“Power? Like what I have?”, she interrupted. He didn’t even try to continue, her voice vanquished Oskar’s in a second.
“Yeah… maybe, I’m not sure. See nobody ‘as really seen any o’ the three powers in a real long time, apart from the Amalgamate: house Fathrione captured that one in the war. But the Lialite and Coordinate? Not been seen in foreve’, some even think they’re los’. But the idea of the camps is to make as many of… as many tyfling’s as possible. The more tyflings that get born there, the more likely the force o’ frost gets another of the three powers. As long as no tyflings have bee’ passing the power for years, or unless one of them is trapped somewhere unexpected, it’s likely one of these camps will find a power sooner or later.”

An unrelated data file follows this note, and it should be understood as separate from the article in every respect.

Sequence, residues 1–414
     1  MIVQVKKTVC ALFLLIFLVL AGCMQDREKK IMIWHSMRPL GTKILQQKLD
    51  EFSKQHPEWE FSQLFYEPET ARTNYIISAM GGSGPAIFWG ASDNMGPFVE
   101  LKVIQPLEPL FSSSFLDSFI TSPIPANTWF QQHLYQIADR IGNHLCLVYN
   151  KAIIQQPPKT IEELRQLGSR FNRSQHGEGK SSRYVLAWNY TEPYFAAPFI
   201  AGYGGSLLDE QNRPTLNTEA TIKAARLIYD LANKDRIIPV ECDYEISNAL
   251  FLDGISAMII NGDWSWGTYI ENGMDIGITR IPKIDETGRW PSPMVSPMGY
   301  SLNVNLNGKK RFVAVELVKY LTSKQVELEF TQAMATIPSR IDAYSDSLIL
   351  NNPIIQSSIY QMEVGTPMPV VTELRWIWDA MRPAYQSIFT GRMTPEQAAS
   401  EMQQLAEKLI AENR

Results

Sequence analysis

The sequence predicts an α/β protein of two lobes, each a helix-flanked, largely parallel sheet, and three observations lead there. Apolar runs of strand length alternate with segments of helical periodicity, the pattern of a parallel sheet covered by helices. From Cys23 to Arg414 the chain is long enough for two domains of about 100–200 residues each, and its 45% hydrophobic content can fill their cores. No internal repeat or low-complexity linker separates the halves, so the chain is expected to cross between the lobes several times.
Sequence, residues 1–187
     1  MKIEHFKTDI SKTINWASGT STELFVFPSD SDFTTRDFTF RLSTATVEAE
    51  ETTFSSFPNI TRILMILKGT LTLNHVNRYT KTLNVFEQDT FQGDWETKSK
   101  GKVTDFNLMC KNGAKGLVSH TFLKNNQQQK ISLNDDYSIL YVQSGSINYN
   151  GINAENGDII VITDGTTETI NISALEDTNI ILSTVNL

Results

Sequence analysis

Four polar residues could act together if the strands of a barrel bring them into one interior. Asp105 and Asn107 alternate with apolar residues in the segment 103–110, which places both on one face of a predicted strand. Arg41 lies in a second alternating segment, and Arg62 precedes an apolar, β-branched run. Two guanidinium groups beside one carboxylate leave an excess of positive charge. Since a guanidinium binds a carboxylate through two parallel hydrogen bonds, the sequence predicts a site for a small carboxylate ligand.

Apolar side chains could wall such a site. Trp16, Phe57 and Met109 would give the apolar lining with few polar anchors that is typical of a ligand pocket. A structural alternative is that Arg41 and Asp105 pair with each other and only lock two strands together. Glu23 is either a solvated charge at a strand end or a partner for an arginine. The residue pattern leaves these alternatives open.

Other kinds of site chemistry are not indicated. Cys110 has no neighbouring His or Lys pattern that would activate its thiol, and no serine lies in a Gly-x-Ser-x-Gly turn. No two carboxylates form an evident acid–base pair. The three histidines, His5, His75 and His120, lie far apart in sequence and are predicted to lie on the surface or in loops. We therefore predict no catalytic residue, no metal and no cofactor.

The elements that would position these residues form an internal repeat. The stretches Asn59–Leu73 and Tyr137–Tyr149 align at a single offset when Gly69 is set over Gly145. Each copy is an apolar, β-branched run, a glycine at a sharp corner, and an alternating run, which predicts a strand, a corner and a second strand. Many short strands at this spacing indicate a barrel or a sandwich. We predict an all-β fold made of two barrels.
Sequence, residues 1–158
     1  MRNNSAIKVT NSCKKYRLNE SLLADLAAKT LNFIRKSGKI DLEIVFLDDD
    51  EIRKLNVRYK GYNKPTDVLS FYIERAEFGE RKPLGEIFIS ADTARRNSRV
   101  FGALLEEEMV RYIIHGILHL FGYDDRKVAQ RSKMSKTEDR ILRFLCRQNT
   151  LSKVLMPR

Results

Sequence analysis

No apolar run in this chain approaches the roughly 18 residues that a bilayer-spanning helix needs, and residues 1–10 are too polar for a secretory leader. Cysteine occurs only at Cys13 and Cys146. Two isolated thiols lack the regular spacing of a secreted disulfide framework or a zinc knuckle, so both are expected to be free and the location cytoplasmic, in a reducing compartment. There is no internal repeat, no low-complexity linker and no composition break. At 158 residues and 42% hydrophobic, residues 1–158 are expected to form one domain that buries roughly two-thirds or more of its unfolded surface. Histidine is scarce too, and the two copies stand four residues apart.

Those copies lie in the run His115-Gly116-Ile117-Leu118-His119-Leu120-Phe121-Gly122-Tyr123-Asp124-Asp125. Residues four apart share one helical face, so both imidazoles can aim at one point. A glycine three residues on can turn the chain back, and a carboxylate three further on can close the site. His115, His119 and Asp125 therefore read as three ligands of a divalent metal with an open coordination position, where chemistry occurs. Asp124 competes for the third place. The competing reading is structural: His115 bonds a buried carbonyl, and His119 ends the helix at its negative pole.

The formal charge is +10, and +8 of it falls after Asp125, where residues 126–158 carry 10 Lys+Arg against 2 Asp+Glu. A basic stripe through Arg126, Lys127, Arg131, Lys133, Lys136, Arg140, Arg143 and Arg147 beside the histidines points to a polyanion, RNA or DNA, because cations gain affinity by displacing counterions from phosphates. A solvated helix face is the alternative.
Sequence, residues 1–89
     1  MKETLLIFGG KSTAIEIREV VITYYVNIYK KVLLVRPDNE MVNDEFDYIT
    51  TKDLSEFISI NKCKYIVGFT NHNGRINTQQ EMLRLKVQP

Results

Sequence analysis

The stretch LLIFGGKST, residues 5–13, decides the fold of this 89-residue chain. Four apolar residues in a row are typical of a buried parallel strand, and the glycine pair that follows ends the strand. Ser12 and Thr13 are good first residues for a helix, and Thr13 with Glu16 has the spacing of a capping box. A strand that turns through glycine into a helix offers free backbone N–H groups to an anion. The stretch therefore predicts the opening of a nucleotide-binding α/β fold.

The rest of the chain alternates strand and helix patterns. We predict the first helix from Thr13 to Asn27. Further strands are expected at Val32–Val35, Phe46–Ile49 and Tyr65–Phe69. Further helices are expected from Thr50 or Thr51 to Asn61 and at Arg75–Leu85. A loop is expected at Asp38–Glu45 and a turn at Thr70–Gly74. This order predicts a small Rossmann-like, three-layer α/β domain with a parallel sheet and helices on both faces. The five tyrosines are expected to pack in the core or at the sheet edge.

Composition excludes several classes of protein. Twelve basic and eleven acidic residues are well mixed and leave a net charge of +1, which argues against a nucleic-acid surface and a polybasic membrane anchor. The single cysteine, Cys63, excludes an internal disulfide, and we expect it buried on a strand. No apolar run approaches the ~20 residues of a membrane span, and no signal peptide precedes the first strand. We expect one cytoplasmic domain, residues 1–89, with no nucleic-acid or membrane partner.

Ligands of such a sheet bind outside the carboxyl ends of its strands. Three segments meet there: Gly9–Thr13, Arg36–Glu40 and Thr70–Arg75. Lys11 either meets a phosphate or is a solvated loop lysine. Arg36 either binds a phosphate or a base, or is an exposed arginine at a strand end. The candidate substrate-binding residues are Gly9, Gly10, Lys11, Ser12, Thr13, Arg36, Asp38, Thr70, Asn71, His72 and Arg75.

“Oskar, what happens to those that don’t inherit the power.”
He looked down at the ground: “I dunnat know, they didn’ tell us, but when I went to visit one of them there weren’t many old tyflin’s about.”
Gawn held her head in her hands for a moment then stood straight.
“We need to free them: we aren’t weapons”.
“I thin’ this is what this is all about, your mother, Eablo, getting us out before the stones hit. I thin’ Gawn, this is more than a family reunion: she wants you for somethin or other.”
Oskar took a second to stare at her, his hand flapping briefly against his side, then turned back and kept walking.
“It dosent matter what she wants Oskar. I’m not letting anyone else wear the armband I did, it’s disgusting: my race deserves to be free. I’m going to make it happen. But I think you’re right, I think this all begins with me finding my mother. She’ll know what to do.”